[T]he officers quickly discovered that even though Grandmother Sacho was still alive, albeit on the verge of starvation, her young attendant had been murdered. Although unrecorded, it is most likely that she was killed resisting rape. Her corpse was discovered 220 yards from Grandmother’s hut, shot through and thrown down a ditch into a “mud hole” where she lay, caked in slime, obviously about four days dead. It was generally assumed by the officers that one or some of their soldiers had committed the crime on the sly. It is just as likely that the culprits thereafter stole Grandmother’s food stores, leaving her to die of hunger. (George Washington’s War on Native America p. 92)
Based on the journals, I can concur that a second, dead woman was found. Apparently, she was younger, and may even have been the “lame” woman recorded by Beatty. It is most plausible that if she were avoiding the army on Sept. 2 and then returned to the village, she would then stay with the old woman. Later, on or about Sept. 19, she was shot and her body dumped in the mud. Is it likely she was raped? Probably. Is it likely that one or more of the soldiers left at Fort Reed (Elmira) or passing through as a courier were responsible? Again, probably. Did these soldiers steal the old woman’s food? Considering that the only mention of what the old woman knew or said is in the journal of Lt. Samuel M. Shute, which is unique in this collection as having its entries jotted quickly and then expanded (contemporaneously) with more detail, let’s look closely at his eyewitness account:
LIEUT. SAMUEL M. SHUTE (p. 273)
Thursday Sept. 23d Marched at 7 A.M.. 9 miles to Catharines Town
We found the Old Squaw in the place we had left her— her provision & wood was exhausted & she in tears & was not able to get more, but was much rejoiced at the sight of the army— “her friends ” as she called us. We found likewise a younger squaw at some distance shot and thrown into a ditch & half covered with mud. The old Squaw said that she did not know of the other one. The General left her about 100 lbs of flour & 50 lbs of Beef.
My reading of this is very straightforward. The old woman is certainly happy to see the army again, or probably anyone, and knows she won’t be killed. Her provisions are replaced generously, despite the army having been traveling on half-rations augmented by Iroquois crops for three weeks. I find it unlikely that some unknown soldier stole her meager supplies after raping and killing the younger woman, leaving her alive as a potential witness. I also find Mann’s explanation of the woman’s word’s untenable:
When questioned, Grandmother Sacho disclaimed knowledge of what had befallen her young companion. This might well have been true, since she was not ambulatory and the girl’s body had been found at some distance yet Grandmother might also have been afraid to name men who had already shown themselves capable of vicious crime. (p. 92)
When a writer resorts to “although unrecorded, it is most likely that…” and “…yet Grandmother might also have been…” it is clear that she is pushing forth a speculative agenda filled with wildly biased interpretations. I will leave it to the reader to decide whether she is credible.
And what of Catharine Montour? Again, with conflicting historical information it is difficult to know for sure. Most sources cite Moravian missionary David Zeisberger’s 1791 account that “Cathrine, and several of her friends, live not far from Niagara over the lake.” (p. 149) However, historian A. Tiffany Norton relates an interesting detail that resonates:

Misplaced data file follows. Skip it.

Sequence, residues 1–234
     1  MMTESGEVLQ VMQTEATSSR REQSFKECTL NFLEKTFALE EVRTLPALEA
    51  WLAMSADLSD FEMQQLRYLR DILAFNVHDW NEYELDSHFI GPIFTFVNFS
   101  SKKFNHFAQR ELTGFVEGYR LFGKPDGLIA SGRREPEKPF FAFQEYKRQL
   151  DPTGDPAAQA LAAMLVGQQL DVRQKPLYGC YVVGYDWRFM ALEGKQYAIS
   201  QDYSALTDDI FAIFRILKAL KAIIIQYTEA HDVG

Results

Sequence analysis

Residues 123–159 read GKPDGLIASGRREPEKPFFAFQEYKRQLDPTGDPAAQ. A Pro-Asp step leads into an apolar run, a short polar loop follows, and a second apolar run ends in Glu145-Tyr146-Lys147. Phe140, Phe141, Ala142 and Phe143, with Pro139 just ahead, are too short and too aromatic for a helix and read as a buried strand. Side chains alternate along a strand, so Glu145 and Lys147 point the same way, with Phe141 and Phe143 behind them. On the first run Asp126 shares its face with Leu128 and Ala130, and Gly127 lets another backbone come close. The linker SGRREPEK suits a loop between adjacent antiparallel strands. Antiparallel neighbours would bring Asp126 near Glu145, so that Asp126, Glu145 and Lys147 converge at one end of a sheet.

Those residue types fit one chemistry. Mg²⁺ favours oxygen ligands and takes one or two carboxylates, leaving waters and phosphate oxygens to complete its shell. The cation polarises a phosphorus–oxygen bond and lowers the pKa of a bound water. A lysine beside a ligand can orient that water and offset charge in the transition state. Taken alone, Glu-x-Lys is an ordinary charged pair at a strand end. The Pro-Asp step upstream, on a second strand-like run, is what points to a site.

On the approach of Sullivan’s force, “Queen Catharine” fled to Niagara, where she was treated with marked attention by the British officers. After the war she returned to Catharinestown, where she was visited in 1796 by the French King Louis Phillippe, then an exile from his native land. (p. 132)
This rings true because Catharine was descended from a French-Canadian family on her mother’s side and also because there is a marker placed at Montour Falls:
Prince Louis Philippe spent about four years (1796-1800) of his exile in the United States prior to becoming King in 1830. Though that sketch doesn’t appear on a search of the Louvre’s website, (and this article may explain why) both the historical marker and Norton place the him in She-qua-ga. In 1797, he and his brothers visited Pittsburgh, Buffalo & Niagara Falls, and returned to Philadelphia by way Geneva, where they took a boat down Seneca Lake (p. 91). Additionally, an 1894 article about Havana, NY’s history (Havana being an early name for Montour Falls) says:
George MILLS subsequently became one of the most prominent, influential and enterprising men among the early inhabitants and it was at his humble little [house /inn] in the village that Louis Phillipe, then an exile in this country, and then soon after became the King of France, found food and shelter, with his companions for a day and night, while on the way from Buffalo to Philadelphia on horseback — their route, at the time, having been a great portion of the way through the dense wilderness, with no better roads than Indian trails and bridle paths.
The next Sullivan Monument is just off Route 414 in the Town of Lodi. Part III of my series will start there and follow the route north to Geneva and west to Canandaigua.
* The use of the word “squaw” is universally regarded as derogatory. I will not change the original quotes of the journals on the basis of historical accuracy, and I won’t use the word myself (see OxfordDictionaries.com). Ironically, Mann goes on a long diatribe about the word’s extremely offensive nature and proceeds to use it six times on page 89 of her book.
** Detachments are sent down the west side of Seneca Lake, east and west side of Cayuga Lake and to Onondaga (near Syracuse).
*** Several even use unverifiable accounts. See Max M. Mintz Seeds of Empire (1999) and Barbara Alice Mann George Washington’s War on Native America (2009).
**** I have posted the relevant excerpts from each journal on Medium
Born and raised in Central NY, Michael Brewster has traveled the US extensively, but is most at home in the Finger Lakes. The beauty and history of Upstate NY continue to marvel and fascinate him. He enjoys local food, beer and live music. Find him on Twitter @brewcuse